Tuesday, July 29, 2008

End the Violence of Corporal Punishment

Over the years, disciplining children has led to an often overlooked breach of human rights. This breach takes the form of negative disciplining, is called corporal punishment.
Age old proverbs like ‘spare the rod and spoil the child’ have only reinstated the social malice, making both elders and children believe in the facade of its corrective value. As a consequence, children don’t go astray, but often become drop outs from schools, get cuts and bruises for life and have memories of a childhood living in the fear of punishment, physical or otherwise.

In such circumstances, in 2000 the Supreme Court of India banned corporal punishment. The States of Delhi, Andhra Pradesh, Goa and Tamil Nadu had the state laws for the above aswell. However, in spite of being illegal, several incidents of corporal punishment take place and most have gone unreported. In the past, in one of its judgments, the Delhi High Court held that children should be allowed to acquire education with dignity and in an atmosphere free from fear of punishment, physical or otherwise. They should not be slapped or canned by teachers in schools and corporal punishment is violative of the children's fundamental rights to equality before law and the life and personal liberty.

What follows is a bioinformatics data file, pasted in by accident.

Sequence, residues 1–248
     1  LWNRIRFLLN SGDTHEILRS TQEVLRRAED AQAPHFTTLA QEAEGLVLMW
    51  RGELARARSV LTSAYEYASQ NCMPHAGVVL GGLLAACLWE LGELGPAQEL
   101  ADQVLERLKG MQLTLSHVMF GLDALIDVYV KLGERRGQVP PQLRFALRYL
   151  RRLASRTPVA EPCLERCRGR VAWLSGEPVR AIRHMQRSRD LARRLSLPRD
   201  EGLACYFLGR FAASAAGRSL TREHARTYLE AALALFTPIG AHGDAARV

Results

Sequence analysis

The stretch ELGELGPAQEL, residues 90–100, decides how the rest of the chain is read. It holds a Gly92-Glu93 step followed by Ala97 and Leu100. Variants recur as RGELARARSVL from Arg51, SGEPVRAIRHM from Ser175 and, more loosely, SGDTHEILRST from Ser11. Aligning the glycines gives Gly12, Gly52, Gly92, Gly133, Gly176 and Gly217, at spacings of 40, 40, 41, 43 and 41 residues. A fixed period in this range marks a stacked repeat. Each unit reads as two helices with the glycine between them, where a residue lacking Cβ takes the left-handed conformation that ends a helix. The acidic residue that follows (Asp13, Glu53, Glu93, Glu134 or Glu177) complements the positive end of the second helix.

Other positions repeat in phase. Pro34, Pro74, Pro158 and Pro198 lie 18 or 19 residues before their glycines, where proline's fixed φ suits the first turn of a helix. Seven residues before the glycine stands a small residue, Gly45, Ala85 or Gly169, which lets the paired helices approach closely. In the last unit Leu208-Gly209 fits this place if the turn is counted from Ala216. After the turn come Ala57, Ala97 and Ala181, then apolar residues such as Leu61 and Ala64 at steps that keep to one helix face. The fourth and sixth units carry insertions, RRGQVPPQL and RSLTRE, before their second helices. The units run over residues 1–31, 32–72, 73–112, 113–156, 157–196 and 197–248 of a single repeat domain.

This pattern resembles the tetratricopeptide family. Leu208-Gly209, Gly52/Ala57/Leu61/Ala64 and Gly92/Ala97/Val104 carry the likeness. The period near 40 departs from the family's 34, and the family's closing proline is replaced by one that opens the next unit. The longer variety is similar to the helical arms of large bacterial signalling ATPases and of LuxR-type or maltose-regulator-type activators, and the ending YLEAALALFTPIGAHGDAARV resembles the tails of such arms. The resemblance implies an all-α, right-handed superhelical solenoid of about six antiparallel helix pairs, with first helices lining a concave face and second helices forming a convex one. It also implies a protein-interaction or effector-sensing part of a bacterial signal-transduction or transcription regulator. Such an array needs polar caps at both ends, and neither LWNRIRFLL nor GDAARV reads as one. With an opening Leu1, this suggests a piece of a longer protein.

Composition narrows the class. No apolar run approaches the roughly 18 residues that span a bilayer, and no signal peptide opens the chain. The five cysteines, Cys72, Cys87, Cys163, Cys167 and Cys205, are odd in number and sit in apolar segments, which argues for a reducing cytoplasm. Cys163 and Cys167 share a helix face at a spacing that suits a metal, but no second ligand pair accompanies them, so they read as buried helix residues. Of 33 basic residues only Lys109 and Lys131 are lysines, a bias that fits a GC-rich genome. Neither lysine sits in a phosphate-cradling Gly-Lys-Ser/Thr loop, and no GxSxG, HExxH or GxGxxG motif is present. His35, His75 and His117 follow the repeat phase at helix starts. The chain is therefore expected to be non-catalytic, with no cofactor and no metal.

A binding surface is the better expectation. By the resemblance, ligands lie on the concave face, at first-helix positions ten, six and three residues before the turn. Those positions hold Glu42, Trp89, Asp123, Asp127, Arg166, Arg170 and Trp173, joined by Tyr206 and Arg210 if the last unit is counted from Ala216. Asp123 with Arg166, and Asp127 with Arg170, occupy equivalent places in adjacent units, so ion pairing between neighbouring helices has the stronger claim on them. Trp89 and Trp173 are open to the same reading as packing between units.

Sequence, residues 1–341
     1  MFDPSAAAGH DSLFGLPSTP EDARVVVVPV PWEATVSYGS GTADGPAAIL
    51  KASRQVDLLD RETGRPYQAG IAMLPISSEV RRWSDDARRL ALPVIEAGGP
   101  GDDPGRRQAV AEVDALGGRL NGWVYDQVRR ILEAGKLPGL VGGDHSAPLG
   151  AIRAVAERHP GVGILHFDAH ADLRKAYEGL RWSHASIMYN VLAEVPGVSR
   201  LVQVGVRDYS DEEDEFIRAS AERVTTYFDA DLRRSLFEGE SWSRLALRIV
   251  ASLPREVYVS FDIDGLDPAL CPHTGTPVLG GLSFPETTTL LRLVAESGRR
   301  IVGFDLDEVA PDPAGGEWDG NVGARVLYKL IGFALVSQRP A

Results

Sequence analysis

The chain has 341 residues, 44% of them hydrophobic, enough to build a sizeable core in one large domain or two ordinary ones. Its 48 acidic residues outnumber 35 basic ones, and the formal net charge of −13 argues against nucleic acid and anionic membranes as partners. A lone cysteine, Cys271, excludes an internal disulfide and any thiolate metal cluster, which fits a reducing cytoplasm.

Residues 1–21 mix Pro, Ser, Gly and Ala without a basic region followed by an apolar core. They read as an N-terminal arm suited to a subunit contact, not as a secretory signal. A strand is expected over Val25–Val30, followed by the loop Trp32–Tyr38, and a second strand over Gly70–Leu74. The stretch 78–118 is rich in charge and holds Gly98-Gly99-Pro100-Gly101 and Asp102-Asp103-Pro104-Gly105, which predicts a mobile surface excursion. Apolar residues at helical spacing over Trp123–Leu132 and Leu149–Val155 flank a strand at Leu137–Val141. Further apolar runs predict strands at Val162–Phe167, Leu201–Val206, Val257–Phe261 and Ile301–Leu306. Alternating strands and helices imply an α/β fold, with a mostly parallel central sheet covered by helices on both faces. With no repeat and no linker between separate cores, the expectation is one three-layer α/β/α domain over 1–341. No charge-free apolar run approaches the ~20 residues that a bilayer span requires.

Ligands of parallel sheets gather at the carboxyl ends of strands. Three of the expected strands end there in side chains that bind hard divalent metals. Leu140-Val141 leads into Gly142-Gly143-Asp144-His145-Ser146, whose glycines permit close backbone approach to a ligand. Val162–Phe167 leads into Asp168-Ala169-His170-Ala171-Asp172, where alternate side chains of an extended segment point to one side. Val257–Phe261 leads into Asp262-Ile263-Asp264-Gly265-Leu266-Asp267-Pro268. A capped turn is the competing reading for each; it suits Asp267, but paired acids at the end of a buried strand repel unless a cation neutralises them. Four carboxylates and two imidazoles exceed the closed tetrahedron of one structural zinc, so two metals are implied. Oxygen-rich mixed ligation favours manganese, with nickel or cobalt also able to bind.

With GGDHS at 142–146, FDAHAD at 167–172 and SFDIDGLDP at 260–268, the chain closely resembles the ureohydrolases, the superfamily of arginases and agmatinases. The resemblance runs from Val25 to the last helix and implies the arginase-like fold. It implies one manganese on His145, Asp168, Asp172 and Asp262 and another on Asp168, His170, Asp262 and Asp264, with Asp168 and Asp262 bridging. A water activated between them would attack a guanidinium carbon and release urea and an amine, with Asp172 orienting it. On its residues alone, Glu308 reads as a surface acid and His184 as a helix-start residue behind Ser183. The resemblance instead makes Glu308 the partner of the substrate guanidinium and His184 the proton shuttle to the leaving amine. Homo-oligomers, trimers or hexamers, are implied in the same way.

The new guidelines issued by National Commission for Protection of Child Rights, (which have not entered into law as on June 2008) make it a crime to scold students or indulge in corporal punishment.

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